Roger Marolt: Roger This |

Roger Marolt: Roger This

I am addressing my ball on the 17th tee. “How do you do?”

“Whatever I please. (wink) Just watch!”

The demons I must face appear to be contentedly living in the cores of pre-owned golf balls. It makes me think that I should break down and buy a sleeve instead of using whatever strays I find out in the weeds and woods when I’m looking for ones I lost. Surely the balls coming out of the Titleist factory are certified to be gremlin-free and are then subsequently cursed by hackers as they are murderously hooked and sliced out of bounds, dunked in ponds, and banged off houses placed too close to courses by tennis-playing architects.

I take my 6-iron back slowly, mentally drawing the layout of the 180-yard par 3 (Was that the beer cart over there?). I recall every tip I’ve ever been given to improve my swing. I second-guess my alignment at the top. I wonder if Alpine Bank really does have the best interest rates on six-month CDs.

I know that I am not supposed to do this. I need to concentrate solely on making solid contact. But, I can’t help it. I am naturally inclined to think about all things I am not supposed to think about at exactly the time when I should be focused on the task at hand. I don’t know. Maybe everybody does this except good golfers. The secret to hitting straight and long might be purity of mind … or living a life completely void of any other purpose. Who knows?

By the time my club strikes the ball, I am already looking at the flagstick. The ball is heading west, testing the range of my peripheral vision, taking an alternate course, avoiding the well-traveled route forged by balls with fast backspin and perfect loft. It’s a Zen approach – more about the journey than the destination. It occurs to me that this might be why golf is not popular in Nepal.

Did I mention that I am playing in a tournament and I am potentially “in the money?” Besides the knowledge that my lawn needs mowing, this thought is at the forefront of my mind as I watch my ball bounce off a pine tree and settle into the weeds a stone’s throw (by Ichiro Suzuki) from the green. Great. The next shot is blind. I hit it over a berm and into a bunker apparently designed by the Historical Preservation Committee to replicate a mine shaft. Fabulous. Like a lot of silver around here, I can’t extricate my ball from the pit with the next hack. Wonderful. Finally I get the ball out, but barely, and I’m sitting 30 feet from the hole with a lot of sand in my eyes. Just grand.

Let’s see now: Hit a tree, swing from the weeds, two sand shots, and a long putt for a potential net par with my two-stroke handicap here. According to the rule book, that’s five trash points plus four bonus points. I couldn’t have set this hole up any better! Sink this putt and I’m a legitimate threat to win!

You know instantly when you strike a putt and it’s going in. It’s on line and the speed is just right. The ball slows nicely as it approaches the hole. I pump my fist just as it hits the cup … and lips out. Crap!

Easy come (tears I’m talking about), easy go (not really). That’s the Trashmasters Golf Tournament, where bad is sometimes good and unlucky is oftentimes lucky, and to win you have to be all of the above. But, what is especially interesting about this brand of golf is that there is now indisputable evidence that it is very beneficial to teenagers.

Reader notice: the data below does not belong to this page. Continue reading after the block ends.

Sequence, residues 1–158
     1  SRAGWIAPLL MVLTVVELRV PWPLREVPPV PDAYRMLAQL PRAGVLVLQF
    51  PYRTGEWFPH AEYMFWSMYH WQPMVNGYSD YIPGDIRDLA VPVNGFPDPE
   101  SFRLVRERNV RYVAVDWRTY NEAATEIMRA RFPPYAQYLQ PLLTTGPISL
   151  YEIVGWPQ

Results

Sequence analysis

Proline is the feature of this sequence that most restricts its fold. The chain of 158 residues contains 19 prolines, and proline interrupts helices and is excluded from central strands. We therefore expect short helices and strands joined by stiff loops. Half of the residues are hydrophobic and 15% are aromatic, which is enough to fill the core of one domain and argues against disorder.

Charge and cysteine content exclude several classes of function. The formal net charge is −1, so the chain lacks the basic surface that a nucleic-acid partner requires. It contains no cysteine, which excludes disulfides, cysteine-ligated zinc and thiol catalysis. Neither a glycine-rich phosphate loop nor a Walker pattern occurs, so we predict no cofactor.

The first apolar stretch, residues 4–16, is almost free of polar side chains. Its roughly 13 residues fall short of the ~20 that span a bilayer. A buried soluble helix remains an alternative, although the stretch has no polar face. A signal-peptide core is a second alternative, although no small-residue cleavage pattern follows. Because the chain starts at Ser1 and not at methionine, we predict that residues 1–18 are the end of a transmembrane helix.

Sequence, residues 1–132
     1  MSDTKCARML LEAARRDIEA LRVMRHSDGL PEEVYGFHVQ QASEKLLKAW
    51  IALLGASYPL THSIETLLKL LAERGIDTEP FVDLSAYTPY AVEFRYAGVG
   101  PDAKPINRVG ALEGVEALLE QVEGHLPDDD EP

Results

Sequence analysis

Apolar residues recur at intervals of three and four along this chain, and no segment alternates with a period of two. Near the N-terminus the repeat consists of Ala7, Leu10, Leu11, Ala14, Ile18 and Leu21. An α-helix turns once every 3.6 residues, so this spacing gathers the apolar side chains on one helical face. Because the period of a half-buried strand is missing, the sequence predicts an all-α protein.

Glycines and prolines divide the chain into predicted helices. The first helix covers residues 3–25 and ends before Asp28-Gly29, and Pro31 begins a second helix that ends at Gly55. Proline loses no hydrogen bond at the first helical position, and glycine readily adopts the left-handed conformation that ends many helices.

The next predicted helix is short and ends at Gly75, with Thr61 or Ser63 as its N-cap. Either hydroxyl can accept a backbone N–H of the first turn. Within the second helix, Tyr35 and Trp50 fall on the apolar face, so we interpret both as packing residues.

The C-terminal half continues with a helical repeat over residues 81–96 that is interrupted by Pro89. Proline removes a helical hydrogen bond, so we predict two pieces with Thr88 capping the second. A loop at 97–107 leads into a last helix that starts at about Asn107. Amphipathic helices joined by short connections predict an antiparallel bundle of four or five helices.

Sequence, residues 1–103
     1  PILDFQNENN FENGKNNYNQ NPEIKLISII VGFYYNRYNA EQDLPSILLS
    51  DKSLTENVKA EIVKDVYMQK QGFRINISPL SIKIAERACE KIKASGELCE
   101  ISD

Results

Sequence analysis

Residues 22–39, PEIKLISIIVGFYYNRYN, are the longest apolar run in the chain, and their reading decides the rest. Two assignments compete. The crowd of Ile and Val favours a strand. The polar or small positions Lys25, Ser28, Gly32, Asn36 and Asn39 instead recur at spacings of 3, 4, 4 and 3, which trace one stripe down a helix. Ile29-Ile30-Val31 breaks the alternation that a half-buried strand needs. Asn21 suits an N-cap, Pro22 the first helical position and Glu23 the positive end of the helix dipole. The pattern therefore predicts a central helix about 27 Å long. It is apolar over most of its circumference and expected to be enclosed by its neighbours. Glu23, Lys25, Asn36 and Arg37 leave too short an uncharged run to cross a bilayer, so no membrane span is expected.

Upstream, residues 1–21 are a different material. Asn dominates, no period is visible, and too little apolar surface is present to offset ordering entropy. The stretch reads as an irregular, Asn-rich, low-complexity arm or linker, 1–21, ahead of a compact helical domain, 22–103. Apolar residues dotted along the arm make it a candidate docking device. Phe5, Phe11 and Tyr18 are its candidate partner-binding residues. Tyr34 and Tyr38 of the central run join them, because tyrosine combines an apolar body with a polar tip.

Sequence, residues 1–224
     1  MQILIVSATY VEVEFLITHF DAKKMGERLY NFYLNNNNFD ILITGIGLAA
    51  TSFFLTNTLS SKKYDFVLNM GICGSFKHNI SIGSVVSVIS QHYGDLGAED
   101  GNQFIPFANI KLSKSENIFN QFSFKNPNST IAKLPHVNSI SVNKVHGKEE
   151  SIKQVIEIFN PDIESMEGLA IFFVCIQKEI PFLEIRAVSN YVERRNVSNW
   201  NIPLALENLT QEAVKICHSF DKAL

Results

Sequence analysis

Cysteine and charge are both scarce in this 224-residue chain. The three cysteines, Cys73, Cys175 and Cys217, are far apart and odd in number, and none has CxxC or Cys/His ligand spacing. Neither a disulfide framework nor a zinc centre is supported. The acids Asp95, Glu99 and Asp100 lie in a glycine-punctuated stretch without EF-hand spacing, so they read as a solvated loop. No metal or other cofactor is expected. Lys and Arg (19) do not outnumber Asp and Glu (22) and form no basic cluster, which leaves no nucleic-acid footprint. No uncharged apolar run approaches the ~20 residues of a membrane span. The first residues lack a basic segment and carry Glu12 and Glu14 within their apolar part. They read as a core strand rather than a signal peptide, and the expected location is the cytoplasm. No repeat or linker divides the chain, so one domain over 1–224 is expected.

Yep. Who would have thought that bouncing balls off cart paths, ricocheting them off lawn tractors, blasting them through the brush, and generally playing from lies where no person has played before could generate more than $1.2 million in college scholarships for Roaring Fork Valley students? It’s true!

Not that this matters when you are playing the tournament. It’s so much fun that you couldn’t care less about being nice when you’re on (or near) the course. This is essential since nobody should have to pretend that playing golf is doing anything good or worthwhile. That would ruin what duffers around the world have been perfecting for centuries.

This is a tournament that guys like me have a chance at winning … without cheating! It’s like playing a game that somebody you know made up. And if you remember your youth, you know that those are always the most fun to play … unless, of course, you are playing with the person who is making it up. But, they’ve got that covered, too. The mastermind behind this event is too busy to play; he’s perched over the grill on the 12th hole turning the bratwursts, shuffling to the boom box, pouring tequila shots, and making jokes over the loudspeaker during your backswing. Awesome!

The scorecard looks like an SAT test sheet, and the rulebook reads like a comic. There is something for everyone. Unlike the usual round, scorekeeping is half the fun and most of the mental torture. It’s everything you thought golf should be but has been prohibited by the PGA. Good cause, great fun, low key, high drama; what more do you want? Put it on the calendar for next summer’s musts!

However, there is one change I hope the rules committee will consider for next year: I think 10 bonus points should be awarded for bouncing your ball off the sidewalk behind the 9th green, then off the roof of the starter’s shack, past the front door of the club house, and down the stairs into the parking lot. It’s just a thought – not that anybody hit one like that this year.

Roger Marolt’s rescue club is a machete. He’s usually tee’d off at

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